• Creator
    Topic
  • #59341
    JMM
    Flatchatter

    Who pays the admin fee applied to the issue of the notice to comply – the OC or the Lot Owner?  Does invalidity of the notice or later finding (tribunal) that there is no breach affect who pays?

    • This topic was modified 1 week, 2 days ago by .
Viewing 7 replies - 1 through 7 (of 7 total)
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  • #59353
    chesswood
    Flatchatter

    Assuming you’re in NSW, what admin fee? The secretary or manager sends a letter and that’s it. If the recipient doesn’t comply, the OC might start NCAT proceedings by filing. The fee will need to be paid by the OC when they file.

    #59357
    Jimmy-T
    Keymaster

    I think JMM might mean a bogus admin fee that some schemes think they can add to the the cost of enforcing by-laws.

    This would be highly dubious even if the OC won their case. If they lost, it would be ridiculous to still impose it.  These admin fees are often intended to deter owners from fighting notices to comply at NCAT.  I have a feeling they may be illegal as even NCAT will not award costs except in special circumstances.

    JMM should ask for a formal letter withdrawing the charge, and propose a motion at the next committee meeting that they investigate the legality or otherwise of such charges.

    • This reply was modified 1 week, 2 days ago by .
    #59358
    JMM
    Flatchatter
    Chat-starter

    Many thanks for such swift responses – I’m in NSW.  Apologies for not being more specific, I’m attempting to be objective and didn’t put enough detail.

    I have been issued with an invoice from our strata manager claiming the cost of issuing notices to comply with 3 strata by-laws.  The email says:

    “Please find attached an invoice due for payment on (same day as email).”

    Attachment says “Miscellaneous tax invoice on behalf of the owners of SP xxxx.  Lot x:  Notices to Comply – date of meeting.  GST $30.00 Total $330”. Cheques should be made payable to The Owners xxxx”.
    There is no commentary indicating why the fee is attributed to me or whether it is the whole fee or my share of a fee being split amongst the other Lot Owners.

    Background:
    I received 3 notices to comply with by-laws on 1 October generated by the strata committee meeting of the owners by written vote only.  I am an owner and abstained noting conflict of interest as the vote was for/against a motion against me. The complainant didn’t reveal themselves!

    The owners are furious at my supporting council in a separate issue relating to our strata non-compliance with a DA condition and resultant fine. I am being blamed for this because I unwittingly drew council’s attention to our no DA when pursuing another matter.  Our strata has not taken the directed action and now has a $6000 fine (strata manager/secretary have apparently ignored the notices…).  I am now the subject of vexatious complaints.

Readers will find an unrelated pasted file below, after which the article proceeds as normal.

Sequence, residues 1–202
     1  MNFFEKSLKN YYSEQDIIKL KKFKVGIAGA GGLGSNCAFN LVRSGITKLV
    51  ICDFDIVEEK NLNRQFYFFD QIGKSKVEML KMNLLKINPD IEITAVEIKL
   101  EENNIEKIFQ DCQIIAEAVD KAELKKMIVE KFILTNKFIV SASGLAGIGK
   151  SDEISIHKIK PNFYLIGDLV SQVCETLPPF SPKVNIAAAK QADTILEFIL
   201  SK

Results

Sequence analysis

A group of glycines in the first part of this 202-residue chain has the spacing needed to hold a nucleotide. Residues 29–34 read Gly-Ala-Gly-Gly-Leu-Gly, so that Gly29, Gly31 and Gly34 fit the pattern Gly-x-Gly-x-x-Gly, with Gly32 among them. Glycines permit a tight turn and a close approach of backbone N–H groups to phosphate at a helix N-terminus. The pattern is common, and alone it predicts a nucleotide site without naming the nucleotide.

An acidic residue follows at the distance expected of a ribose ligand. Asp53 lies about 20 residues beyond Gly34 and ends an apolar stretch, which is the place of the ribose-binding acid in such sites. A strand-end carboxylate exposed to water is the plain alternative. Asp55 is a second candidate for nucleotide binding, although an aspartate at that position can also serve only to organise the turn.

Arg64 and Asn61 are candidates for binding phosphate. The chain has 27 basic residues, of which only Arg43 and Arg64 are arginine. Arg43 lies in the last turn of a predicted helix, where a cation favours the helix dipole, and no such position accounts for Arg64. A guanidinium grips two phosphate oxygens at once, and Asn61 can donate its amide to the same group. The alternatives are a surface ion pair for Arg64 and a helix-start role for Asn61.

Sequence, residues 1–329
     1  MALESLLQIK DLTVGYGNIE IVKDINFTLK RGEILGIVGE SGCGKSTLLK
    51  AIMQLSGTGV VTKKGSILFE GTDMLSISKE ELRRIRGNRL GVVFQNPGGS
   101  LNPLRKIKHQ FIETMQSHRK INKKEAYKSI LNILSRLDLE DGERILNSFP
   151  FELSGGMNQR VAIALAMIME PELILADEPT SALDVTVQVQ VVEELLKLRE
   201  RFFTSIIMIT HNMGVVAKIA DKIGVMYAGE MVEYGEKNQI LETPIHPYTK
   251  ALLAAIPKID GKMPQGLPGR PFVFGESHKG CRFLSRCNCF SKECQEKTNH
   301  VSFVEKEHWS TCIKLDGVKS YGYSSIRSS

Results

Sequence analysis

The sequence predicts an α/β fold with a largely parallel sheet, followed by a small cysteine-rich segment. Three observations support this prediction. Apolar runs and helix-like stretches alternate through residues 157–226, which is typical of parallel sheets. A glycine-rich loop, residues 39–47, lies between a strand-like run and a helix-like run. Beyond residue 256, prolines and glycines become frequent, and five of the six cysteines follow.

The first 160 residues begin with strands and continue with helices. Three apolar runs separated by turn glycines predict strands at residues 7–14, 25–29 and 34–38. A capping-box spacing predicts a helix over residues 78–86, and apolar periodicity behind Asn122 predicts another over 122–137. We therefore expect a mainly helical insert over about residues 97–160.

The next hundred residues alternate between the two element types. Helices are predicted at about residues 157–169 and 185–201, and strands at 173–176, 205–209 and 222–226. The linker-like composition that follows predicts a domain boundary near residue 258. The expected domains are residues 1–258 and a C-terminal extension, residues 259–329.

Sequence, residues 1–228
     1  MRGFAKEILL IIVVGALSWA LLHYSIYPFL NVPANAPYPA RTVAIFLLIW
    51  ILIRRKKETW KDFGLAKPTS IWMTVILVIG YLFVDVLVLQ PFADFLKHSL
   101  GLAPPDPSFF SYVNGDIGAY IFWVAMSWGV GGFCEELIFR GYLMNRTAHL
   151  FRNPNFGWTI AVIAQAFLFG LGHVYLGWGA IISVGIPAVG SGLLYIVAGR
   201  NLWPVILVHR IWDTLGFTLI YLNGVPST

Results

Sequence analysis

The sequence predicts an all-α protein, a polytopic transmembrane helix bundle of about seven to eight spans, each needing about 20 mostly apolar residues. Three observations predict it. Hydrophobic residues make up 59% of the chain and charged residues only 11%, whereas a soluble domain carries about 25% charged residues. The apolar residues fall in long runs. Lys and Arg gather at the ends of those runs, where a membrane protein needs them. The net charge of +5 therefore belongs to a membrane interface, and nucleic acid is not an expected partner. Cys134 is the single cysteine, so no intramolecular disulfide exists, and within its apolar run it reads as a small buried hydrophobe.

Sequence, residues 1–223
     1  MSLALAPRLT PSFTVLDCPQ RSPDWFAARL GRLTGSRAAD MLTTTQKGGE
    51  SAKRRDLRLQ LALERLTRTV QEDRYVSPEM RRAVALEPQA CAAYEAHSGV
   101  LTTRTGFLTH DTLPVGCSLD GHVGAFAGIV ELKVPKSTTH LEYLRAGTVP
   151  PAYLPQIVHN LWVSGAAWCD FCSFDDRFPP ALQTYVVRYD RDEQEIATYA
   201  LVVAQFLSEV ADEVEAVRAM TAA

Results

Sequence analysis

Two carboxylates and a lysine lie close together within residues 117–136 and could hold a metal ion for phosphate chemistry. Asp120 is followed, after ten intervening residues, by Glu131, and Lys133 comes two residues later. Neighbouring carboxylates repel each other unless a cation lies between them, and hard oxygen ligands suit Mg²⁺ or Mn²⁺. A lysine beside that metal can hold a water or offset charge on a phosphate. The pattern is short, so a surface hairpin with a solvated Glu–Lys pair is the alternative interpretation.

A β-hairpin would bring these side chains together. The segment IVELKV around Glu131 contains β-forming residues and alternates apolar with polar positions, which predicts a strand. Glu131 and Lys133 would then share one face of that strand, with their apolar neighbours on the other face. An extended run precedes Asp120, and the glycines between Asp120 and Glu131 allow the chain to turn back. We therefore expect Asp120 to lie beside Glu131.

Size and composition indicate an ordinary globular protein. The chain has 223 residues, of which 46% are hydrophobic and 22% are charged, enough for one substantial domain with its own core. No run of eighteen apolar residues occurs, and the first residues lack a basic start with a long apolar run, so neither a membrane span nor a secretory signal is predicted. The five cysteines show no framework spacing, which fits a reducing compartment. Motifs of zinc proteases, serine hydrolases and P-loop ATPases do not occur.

It seems I’m being charged for the administration of the notices to comply with the by-laws and it is the legality of this for which I am asking the hive-mind.

    #59361
    JMM
    Flatchatter
    Chat-starter

    I’ve checked the management agency agreement (November 201 6 September model) and there is a clause that says:

    ”Expenses and charges
    Building Notices & ByLaw Breach warning $55 Per request (potential recovery)”

    It does not say who this is charged to.  I would assume that since this is an agreement with the OC that is to whom the charge be applied, not the individual Lot Owner, though “potential recovery” suggests there could be follow up with the person accused of being in-breach.  This is probably why I have received the invoice though the makeup is not clear).

    Would being found not to be in breach by the tribunal make the charge to the individual owner invalid?

    #59364
    kaindub
    Flatchatter

    The agrrement is between the OC and the strata manager. Notwithstanding any other argument, it’s the responsibility of the OC to pay. There is no mechanism in the act to pass on any fees charged to the OC to an owner.

    Potential recovery only applies if the court orders the lot owner to pay costs, which requires a hearing in NCAT.

    There was no needs for you to abstain from voting. There was no conflict of interest, even if they were voting against your lot.

    If your strata manager and committee are behaving as you describe,you should consider getting both dismissed at NCAT. Even though they may not be happy with the situation with council, their duty is to act in a lawful manner, and in the best interests of the OC.

    The fact thst the committee got to a situation where the OC was fined could also expose them to having to compensate the OC.

     

     

    #59393
    Jimmy-T
    Keymaster

    The fact that the committee got to a situation where the OC was fined could also expose them to having to compensate the OC.

    Just to expand on that point, strata law indemnifies committee members for bad decisions made in good faith – i.e. they didn’t know they were making an error.  Failure to abide by council orders is hardly acting in good faith and they should possibly carry the can for that decision rather than passing the costs on to the other owners who were not party to that decision.

     

    #59437
    JMM
    Flatchatter
    Chat-starter

    Thank you both.  Feeling much more empowered by your sensible and clear advice.

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